Report to the European Parliament by the OHR and EU Special Representative for BiH, January – June 2004

 Mid -Year Report To The European Parliament


January – June 2004


Summary


Almost nine years after Dayton , Bosnia and Herzegovina (BiH) is now within reach of NATO’s Partnership for Peace (PfP) and the launch of negotiations with the European Union (EU) for the conclusion of a Stabilisation and Association Agreement (SAA.  The OHR remains focused on its overarching objective of ensuring that BiH is a peaceful, viable state on course to European integration.


In the first half of 2004 work continued on implementing the core tasks as defined in the OHR’s 2004 Mission Implementation Plan (MIP) (www.ohr.int). However, in light of progress made, we reduced the number of core tasks on which OHR focuses its efforts in 2004. As was clear form the mid-year progress report presented to the PIC in June, notable advances were made on the four remaining core tasks:Establishing Rule of Law, Reforming the Economy, Strengthening the Capacity of BiH Institutions, and Defence Reform.  


The European Commission (EC) Feasibility Study identified 16 general conditions for opening negotiations on a SAA with BiH in November 2003.  The BiH authorities made significant progress towards fulfilling legislative requirements in the first 6 months of 2004. Furthermore, significant structural changes in the fields of crime prevention, judiciary, customs and taxation, development of a single economic space and the energy market have been undertaken.  OHR staff worked closely with the entity and state level governments and parliaments assisting them in drafting, lobbying and implementing the necessary laws.


At its 28-29 June 2004 summit in Istanbul, NATO announced that the NATO-led Stabilisation Force (SFOR) would be terminated at the end of 2004.  On 9 July the UN Security Council welcomed the EU’s intention to launch an EU military mission from December 2004, and on 12 July 2004, the European Council issued its decision to replace NATO’s mission with an EU-led peacekeeping force (EUFOR) at the end of 2004.  EUFOR will work closely with other EU players, including the EUSR, EUPM, EUMM, and the European Commission’s assistance programmes to support the objectives of the Stabilisation and Association process and the OHR’s Mission Implementation Plan.


BiH failed to qualify for entry into NATO’s Partnership for Peace programme at the Alliance’s IstanbulSummit in June 2004.  NATO expressed concern that Bosnia and Herzegovina , in particular the obstructionist elements in the Republika Srpska entity, had failed to live up to its obligation to cooperate fully with ICTY.  BiH failed to arrest and transfer to the jurisdiction of the Tribunal war crimes indictees, a fundamental requirement for the country to join PfP.  The NATO summit acknowledged Bosnia and Herzegovina ’s progress in defence reform, a key condition for PfP membership, and urged BiH to continue progress towards achieving a single military force and welcomed Bosnia and Herzegovina into the Partnership for Peace once they have met the established NATO conditions.  Following the NATO Summit, the High Representative, with the support of the Peace Implementation Council Steering Board, took action to identify and penalise individuals and organisations supporting suspected war criminals. 59 individuals were removed from party and other public positions and an audit of SDS party funds was launched.  After identifying serious abuse, the party’s funds were seized and reallocated to institutions working on the apprehension of war criminals and regulating party financing.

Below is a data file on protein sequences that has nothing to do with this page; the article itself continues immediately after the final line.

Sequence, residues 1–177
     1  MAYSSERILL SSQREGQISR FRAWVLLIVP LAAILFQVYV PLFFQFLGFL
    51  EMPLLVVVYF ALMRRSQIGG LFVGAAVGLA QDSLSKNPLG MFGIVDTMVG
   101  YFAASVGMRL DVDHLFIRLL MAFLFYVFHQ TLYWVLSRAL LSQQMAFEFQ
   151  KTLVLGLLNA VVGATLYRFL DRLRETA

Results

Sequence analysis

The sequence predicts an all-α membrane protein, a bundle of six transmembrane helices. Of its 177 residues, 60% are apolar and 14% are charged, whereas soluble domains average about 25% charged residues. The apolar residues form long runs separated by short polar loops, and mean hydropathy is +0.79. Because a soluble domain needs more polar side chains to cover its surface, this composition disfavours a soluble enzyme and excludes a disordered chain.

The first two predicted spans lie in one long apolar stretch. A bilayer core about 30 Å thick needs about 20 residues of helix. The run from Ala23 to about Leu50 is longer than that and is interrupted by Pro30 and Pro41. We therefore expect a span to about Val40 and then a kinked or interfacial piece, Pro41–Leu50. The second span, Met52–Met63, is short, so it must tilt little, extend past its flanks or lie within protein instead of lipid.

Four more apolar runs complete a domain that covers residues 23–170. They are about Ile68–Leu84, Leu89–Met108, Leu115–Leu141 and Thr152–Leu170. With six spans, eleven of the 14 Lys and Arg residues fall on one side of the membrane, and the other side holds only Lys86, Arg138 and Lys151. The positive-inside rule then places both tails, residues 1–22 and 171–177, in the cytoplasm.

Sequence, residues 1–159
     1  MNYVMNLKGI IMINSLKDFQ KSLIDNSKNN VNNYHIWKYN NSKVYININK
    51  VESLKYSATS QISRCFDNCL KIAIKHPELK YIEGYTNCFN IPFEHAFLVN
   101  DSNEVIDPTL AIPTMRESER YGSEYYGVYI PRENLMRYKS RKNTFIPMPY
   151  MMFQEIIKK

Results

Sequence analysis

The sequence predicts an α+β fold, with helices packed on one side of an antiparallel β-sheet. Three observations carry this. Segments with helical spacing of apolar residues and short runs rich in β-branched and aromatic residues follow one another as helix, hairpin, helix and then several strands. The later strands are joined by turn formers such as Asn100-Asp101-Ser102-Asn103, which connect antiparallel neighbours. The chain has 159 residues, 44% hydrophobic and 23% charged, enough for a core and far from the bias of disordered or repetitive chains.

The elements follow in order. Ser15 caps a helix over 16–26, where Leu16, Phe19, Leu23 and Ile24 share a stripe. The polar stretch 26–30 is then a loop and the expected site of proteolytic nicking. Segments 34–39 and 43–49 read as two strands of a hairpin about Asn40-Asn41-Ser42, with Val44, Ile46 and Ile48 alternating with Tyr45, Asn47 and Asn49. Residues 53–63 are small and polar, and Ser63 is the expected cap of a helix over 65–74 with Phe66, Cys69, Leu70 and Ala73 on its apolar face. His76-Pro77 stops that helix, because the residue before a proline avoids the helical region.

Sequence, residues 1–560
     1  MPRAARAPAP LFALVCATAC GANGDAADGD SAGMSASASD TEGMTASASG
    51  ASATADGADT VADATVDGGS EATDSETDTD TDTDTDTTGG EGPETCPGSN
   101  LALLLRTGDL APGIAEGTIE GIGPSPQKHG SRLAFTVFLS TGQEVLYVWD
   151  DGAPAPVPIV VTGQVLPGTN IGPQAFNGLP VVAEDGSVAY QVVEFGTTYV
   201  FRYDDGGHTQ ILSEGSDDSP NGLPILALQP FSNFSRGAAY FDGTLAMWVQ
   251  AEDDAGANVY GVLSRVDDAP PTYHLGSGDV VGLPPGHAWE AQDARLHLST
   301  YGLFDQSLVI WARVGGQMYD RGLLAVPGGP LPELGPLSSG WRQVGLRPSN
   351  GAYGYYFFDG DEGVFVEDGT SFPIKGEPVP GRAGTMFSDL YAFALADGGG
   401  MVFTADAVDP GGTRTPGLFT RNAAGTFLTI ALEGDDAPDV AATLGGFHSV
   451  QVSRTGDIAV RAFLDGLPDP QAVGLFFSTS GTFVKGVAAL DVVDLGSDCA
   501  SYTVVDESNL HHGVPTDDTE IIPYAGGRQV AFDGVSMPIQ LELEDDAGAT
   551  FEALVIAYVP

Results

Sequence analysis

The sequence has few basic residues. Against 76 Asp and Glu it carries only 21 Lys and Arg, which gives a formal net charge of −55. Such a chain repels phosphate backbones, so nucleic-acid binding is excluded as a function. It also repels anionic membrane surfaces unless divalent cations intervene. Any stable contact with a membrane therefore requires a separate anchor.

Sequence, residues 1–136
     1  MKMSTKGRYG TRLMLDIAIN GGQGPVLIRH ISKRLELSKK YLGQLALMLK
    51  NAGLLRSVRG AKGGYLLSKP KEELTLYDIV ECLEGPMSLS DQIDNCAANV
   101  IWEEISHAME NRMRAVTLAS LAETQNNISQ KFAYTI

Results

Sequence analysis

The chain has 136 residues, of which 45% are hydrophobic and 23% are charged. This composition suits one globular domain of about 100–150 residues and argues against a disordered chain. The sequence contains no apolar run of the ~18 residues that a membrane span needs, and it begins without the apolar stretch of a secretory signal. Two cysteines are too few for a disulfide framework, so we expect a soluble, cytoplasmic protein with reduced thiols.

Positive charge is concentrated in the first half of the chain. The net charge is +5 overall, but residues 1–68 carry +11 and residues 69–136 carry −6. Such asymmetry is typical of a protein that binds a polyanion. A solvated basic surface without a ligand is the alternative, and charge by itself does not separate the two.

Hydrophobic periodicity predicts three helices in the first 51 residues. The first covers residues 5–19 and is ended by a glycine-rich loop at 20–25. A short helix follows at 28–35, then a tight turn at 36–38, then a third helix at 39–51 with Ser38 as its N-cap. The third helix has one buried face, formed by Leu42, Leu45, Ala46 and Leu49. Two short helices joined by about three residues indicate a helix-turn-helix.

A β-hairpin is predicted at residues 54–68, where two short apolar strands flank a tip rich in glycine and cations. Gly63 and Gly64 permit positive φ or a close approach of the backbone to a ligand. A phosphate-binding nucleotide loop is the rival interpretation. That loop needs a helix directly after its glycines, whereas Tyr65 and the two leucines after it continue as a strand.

The OHR continued to work on building the capacity of the State Court of BiH.  The OHR’s Rule of Law Pillar supervised the recruitment of international judges and prosecutors for the special panel on organized and financial crimes within the state court. 


In the rule of law sphere, the Independent Judicial Commission (IJC) completed its work and its mandate was terminated on 31 March while the single High Judicial and Prosecutorial Council (HJPC) was established at the state level on 1 May 2004.  The HJPC will appoint and discipline judges and prosecutors and serve as the foundation for a new BiH judiciary that meets the highest European standards.


The OHR continued to support the establishment of the State Information and Protection Agency (SIPA) for BiH.  In the first half of 2004, SIPA moved into new premises. All SIPA laws have been enacted thus creating the basis for a genuine, state level police force.